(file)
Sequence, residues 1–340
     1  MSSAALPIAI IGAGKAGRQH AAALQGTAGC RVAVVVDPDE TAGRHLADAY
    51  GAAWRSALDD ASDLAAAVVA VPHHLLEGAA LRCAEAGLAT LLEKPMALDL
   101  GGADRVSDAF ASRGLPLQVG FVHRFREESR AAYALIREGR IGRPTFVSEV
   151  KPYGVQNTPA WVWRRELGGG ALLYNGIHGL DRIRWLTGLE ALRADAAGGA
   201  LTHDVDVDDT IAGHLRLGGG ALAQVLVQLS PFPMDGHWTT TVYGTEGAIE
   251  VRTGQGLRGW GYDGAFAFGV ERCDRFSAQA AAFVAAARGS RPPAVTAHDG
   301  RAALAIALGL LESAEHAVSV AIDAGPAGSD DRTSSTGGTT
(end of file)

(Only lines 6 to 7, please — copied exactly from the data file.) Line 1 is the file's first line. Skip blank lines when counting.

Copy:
   201  LTHDVDVDDT IAGHLRLGGG ALAQVLVQLS PFPMDGHWTT TVYGTEGAIE
   251  VRTGQGLRGW GYDGAFAFGV ERCDRFSAQA AAFVAAARGS RPPAVTAHDG